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Proceedings Paper

Investigation of temporal resolution required for CT coronary angiography
Author(s): Kazuya Ohashi; Katsuhiro Ichikawa; Tatsuya Kawai; Yuta Shibamoto
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Paper Abstract

Sub-second multi-detector computed tomography systems (MDCTs) offer great potentials for improving cardiac imaging. However, since the temporal resolution of such CT systems is not sufficient, blurring and artifacts produced by fast cardiac motion are still problematic. The purposes of this study were to investigate the accurate method for measurement of temporal resolution (TR) of the cardiac CT and required TR for obtaining better CT coronary angiography (CTCA). We employed a dual source CT system (Somatom Definition, Siemens), which has various temporal resolution modes (83, 125, and 165 msec) for electro-cardiogram (ECG)-gated scanning. The temporal sensitivity profiles (TSPs) were measured by a new method using temporal impulse generated by metal ball (impulse method). The CTCA images of 200 patients with heart rates (HRs) ranging from 36 to 117 beat per minute (bpm) were visually evaluated using a 4-point scale. The 165-msec TR mode, which is mostly available on recent MDCTs, showed a sufficient image quality only at low HR (≤ 60 bpm) for all 3 arteries. The image quality of 125-msec TR mode was acceptable at low to intermediate HRs (< 80 bpm) for LADs and LCXs, and insufficient for the RCAs in cases with HR more than 71 bpm. The 83-msec TR mode demonstrated excellent image quality except for cases with very quick motion of the RCAs at a high HR (>80 bpm).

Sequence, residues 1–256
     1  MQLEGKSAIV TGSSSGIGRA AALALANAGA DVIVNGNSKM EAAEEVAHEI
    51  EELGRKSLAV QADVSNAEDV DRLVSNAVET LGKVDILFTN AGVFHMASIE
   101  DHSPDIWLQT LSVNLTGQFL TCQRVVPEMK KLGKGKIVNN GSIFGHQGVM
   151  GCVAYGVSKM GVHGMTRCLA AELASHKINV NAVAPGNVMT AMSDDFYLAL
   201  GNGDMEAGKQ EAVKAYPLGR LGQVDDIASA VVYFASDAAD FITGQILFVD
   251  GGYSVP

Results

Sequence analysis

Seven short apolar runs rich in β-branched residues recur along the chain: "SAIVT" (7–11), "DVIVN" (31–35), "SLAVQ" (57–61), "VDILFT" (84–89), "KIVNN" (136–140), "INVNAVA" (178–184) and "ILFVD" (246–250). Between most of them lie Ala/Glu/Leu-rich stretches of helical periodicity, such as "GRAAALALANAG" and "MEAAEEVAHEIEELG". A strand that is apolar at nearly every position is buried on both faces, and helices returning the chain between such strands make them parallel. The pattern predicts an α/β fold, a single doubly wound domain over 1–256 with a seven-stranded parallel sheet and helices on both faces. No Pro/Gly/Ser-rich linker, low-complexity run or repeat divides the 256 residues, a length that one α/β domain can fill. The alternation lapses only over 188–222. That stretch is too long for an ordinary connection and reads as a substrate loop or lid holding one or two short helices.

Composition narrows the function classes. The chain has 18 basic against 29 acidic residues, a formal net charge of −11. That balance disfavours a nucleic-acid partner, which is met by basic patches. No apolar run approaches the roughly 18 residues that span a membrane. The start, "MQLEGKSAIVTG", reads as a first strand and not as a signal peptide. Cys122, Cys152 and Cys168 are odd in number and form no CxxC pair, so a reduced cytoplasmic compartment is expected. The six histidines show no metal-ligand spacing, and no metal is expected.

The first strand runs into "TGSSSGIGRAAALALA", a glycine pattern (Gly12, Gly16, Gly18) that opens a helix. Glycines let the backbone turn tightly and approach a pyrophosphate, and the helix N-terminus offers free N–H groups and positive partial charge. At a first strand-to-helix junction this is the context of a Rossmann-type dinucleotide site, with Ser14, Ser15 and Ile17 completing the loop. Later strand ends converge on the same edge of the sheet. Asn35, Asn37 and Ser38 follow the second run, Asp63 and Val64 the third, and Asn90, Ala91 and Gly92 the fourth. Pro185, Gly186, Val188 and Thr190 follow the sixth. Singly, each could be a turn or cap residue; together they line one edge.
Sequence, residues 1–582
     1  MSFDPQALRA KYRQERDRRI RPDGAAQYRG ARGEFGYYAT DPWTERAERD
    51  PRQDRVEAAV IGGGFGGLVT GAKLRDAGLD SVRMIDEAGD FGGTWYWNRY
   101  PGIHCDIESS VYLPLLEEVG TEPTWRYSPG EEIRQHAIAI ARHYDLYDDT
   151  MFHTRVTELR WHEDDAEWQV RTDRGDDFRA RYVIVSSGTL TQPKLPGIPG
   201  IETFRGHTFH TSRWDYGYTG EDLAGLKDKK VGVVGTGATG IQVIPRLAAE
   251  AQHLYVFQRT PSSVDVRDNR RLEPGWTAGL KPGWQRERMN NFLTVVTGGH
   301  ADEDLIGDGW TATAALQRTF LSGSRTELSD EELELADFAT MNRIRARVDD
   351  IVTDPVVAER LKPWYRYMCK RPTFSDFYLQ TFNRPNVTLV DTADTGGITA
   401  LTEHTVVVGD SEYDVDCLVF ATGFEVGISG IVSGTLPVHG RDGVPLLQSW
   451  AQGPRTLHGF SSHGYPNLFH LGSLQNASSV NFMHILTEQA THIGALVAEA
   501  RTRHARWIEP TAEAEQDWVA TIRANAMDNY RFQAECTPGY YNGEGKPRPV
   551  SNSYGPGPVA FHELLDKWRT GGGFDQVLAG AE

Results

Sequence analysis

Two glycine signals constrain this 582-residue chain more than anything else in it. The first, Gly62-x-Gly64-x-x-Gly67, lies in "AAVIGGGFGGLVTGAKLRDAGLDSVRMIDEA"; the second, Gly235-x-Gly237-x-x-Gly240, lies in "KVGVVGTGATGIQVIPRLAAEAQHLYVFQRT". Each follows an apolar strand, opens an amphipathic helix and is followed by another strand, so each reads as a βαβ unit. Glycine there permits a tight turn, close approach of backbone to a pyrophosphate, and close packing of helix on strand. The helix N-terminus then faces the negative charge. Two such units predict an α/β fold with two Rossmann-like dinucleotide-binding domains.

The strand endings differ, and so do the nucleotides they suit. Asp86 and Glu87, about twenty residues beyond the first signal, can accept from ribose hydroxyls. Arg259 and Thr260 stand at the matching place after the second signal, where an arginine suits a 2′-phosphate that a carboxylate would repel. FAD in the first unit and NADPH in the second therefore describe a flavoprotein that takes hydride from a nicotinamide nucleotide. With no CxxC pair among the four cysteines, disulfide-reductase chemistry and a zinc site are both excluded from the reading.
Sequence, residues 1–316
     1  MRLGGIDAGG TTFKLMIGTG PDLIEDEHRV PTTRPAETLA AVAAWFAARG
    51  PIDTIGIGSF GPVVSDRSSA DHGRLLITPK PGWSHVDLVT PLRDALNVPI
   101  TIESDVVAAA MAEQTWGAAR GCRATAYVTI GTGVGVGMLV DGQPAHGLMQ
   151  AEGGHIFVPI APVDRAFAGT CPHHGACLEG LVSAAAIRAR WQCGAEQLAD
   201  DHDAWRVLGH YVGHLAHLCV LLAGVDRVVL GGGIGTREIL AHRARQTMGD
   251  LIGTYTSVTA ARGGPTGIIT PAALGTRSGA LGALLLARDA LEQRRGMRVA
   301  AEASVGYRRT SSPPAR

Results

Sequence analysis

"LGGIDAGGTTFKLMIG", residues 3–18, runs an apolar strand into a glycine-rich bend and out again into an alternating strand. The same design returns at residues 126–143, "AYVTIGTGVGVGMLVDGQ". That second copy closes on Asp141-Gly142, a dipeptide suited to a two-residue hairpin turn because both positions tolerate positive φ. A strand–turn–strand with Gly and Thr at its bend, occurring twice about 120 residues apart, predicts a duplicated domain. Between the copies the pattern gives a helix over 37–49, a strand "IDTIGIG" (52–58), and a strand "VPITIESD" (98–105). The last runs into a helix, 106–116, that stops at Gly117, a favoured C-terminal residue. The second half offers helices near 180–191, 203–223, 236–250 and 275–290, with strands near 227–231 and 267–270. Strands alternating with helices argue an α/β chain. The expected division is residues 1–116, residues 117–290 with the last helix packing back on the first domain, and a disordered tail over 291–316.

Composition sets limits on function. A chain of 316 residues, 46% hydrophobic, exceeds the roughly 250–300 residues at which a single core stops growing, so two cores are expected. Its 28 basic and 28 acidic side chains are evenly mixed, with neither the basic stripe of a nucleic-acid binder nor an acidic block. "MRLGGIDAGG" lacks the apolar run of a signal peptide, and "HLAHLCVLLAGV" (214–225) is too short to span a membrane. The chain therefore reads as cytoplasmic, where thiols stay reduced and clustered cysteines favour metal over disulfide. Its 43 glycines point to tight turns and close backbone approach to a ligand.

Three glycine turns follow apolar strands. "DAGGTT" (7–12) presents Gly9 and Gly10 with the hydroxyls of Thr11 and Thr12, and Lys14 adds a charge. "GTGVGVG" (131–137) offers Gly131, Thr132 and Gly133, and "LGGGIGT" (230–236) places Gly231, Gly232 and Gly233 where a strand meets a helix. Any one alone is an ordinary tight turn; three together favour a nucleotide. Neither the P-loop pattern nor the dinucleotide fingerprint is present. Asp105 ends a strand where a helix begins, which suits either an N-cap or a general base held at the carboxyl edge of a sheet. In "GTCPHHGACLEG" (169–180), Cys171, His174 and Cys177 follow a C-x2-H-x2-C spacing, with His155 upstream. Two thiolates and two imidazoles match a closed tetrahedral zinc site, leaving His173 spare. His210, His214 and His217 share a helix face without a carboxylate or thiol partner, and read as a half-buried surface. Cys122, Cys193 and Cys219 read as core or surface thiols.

Paper Details

Date Published: 3 March 2012
PDF: 8 pages
Proc. SPIE 8313, Medical Imaging 2012: Physics of Medical Imaging, 83132H (3 March 2012); doi: 10.1117/12.910467
Show Author Affiliations
Kazuya Ohashi, Nagoya City Univ. Hospital (Japan)
Kanazawa Univ. (Japan)
Katsuhiro Ichikawa, Kanazawa Univ. (Japan)
Tatsuya Kawai, Nagoya City Univ. (Japan)
Yuta Shibamoto, Nagoya City Univ. (Japan)


Published in SPIE Proceedings Vol. 8313:
Medical Imaging 2012: Physics of Medical Imaging
Norbert J. Pelc; Robert M. Nishikawa; Bruce R. Whiting, Editor(s)

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